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PLoS One. 2014 Aug 22;9(8):e105578. doi: 10.1371/journal.pone.0105578. eCollection 2014.

RecA protein plays a role in the chemotactic response and chemoreceptor clustering of Salmonella enterica.

Author information

1
Departament de Genètica i de Microbiologia, Universitat Autònoma de Barcelona, Bellaterra (Cerdanyola del Vallès), Spain.
2
ICFO-Institut de Ciències Fotòniques, Castelldefels, Spain.
3
Department of Civil and Environmental Engineering, Massachusetts Institute of Technology, Cambridge, Massachusetts, United States of America.
4
Department of Environmental Protection, Estación Experimental del Zaidín-Consejo Superior de Investigaciones Científicas, Granada, Spain.

Abstract

The RecA protein is the main bacterial recombinase and the activator of the SOS system. In Escherichia coli and Salmonella enterica sv. Typhimurium, RecA is also essential for swarming, a flagellar-driven surface translocation mechanism widespread among bacteria. In this work, the direct interaction between RecA and the CheW coupling protein was confirmed, and the motility and chemotactic phenotype of a S. Typhimurium ΔrecA mutant was characterized through microfluidics, optical trapping, and quantitative capillary assays. The results demonstrate the tight association of RecA with the chemotaxis pathway and also its involvement in polar chemoreceptor cluster formation. RecA is therefore necessary for standard flagellar rotation switching, implying its essential role not only in swarming motility but also in the normal chemotactic response of S. Typhimurium.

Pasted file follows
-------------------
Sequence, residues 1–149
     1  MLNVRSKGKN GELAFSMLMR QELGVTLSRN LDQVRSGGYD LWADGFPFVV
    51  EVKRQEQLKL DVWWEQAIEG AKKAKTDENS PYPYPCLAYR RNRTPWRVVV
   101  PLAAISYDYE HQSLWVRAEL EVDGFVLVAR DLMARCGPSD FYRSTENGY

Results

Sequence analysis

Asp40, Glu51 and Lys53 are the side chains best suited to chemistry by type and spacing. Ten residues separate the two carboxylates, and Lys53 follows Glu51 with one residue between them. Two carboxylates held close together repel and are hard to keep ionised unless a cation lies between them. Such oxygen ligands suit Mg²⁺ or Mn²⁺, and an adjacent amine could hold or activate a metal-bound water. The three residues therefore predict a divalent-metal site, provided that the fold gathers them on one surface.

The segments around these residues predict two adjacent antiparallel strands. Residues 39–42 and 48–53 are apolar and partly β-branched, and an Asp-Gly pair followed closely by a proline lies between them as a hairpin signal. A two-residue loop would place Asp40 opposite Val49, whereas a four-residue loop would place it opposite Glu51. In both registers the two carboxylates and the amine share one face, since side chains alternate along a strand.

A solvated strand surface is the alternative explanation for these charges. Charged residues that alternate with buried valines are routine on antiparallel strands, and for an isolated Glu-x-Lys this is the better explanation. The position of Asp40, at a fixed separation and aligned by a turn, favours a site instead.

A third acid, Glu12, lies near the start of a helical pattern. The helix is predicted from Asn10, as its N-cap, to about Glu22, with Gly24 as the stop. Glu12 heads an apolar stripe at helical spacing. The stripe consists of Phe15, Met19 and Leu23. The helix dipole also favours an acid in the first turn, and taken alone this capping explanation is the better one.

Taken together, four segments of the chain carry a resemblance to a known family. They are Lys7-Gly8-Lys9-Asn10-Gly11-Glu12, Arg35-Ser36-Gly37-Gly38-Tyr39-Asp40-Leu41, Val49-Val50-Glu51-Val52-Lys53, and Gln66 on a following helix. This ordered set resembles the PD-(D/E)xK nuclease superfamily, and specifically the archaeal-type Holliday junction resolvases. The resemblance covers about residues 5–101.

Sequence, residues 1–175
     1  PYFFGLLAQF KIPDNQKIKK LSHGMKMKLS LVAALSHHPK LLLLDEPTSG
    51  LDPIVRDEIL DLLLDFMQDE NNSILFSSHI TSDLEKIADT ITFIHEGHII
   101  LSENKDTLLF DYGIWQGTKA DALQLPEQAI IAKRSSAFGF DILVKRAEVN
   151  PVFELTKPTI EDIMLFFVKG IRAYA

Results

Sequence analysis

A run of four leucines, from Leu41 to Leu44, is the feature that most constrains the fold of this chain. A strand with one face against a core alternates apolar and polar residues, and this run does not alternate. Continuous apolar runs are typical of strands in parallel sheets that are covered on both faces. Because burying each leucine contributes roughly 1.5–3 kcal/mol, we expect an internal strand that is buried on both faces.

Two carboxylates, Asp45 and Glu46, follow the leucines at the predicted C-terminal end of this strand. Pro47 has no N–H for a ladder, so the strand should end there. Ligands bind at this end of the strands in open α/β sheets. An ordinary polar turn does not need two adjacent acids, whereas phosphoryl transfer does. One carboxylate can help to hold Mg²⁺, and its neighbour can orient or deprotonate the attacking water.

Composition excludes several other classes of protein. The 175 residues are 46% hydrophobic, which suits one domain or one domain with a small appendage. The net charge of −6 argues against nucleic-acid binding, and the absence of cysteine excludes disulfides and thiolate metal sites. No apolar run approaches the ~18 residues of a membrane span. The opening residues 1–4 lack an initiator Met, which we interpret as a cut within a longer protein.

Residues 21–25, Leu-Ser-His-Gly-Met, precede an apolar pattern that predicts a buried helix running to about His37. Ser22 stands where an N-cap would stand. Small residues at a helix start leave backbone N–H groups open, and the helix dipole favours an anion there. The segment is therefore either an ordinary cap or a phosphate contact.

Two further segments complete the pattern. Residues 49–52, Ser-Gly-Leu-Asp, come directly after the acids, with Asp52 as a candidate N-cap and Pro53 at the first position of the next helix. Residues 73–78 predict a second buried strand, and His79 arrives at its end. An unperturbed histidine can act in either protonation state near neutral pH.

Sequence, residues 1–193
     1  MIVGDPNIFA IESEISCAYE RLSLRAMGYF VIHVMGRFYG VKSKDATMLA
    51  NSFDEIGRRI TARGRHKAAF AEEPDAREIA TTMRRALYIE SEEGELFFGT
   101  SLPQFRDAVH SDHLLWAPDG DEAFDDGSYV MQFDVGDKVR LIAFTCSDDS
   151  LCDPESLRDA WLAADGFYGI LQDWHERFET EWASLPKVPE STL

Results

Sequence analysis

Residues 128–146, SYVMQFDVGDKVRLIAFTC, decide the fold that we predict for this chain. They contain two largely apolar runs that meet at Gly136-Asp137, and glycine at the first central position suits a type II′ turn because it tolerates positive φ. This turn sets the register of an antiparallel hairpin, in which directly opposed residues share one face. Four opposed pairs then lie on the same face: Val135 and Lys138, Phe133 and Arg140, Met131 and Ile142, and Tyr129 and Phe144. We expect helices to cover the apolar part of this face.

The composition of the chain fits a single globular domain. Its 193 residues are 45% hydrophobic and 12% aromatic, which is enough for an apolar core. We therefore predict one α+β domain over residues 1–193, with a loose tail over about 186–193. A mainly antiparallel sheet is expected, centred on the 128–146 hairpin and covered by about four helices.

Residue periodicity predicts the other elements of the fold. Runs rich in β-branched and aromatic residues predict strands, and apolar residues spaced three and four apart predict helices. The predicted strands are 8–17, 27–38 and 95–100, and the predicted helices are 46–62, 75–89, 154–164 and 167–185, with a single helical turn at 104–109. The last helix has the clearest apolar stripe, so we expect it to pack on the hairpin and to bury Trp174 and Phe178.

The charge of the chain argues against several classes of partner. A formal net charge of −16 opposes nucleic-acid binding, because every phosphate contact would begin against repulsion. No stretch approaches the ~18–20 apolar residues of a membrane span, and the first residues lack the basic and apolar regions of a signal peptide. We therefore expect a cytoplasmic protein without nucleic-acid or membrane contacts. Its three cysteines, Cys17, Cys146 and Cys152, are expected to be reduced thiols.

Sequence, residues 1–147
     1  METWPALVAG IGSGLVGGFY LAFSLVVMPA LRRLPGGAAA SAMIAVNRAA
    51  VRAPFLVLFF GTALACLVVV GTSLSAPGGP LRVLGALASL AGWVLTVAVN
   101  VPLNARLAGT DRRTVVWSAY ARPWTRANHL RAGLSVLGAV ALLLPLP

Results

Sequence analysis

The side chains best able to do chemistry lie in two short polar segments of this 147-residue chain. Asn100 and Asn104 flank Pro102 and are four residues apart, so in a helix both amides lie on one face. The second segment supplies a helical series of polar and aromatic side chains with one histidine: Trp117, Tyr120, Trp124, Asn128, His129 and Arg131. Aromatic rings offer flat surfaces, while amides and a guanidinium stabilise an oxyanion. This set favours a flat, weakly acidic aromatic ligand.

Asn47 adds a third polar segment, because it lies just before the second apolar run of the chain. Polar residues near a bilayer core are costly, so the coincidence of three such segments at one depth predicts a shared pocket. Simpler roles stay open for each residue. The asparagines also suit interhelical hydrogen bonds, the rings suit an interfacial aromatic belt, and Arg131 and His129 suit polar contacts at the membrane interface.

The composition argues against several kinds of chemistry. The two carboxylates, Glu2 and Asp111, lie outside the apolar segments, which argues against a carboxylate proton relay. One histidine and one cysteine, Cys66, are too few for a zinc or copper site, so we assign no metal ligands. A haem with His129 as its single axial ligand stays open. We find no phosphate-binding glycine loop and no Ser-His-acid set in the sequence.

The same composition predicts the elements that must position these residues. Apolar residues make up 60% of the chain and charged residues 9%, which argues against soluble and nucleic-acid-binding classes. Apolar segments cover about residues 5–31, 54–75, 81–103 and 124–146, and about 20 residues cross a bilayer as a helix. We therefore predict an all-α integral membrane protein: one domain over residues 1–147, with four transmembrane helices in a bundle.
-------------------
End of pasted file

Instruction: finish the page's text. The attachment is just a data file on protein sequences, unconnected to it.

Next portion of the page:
PMID:
25147953
PMCID:
PMC4141790
DOI:
10.1371/journal.pone.0105578
[Indexed for MEDLINE]
Free PMC Article

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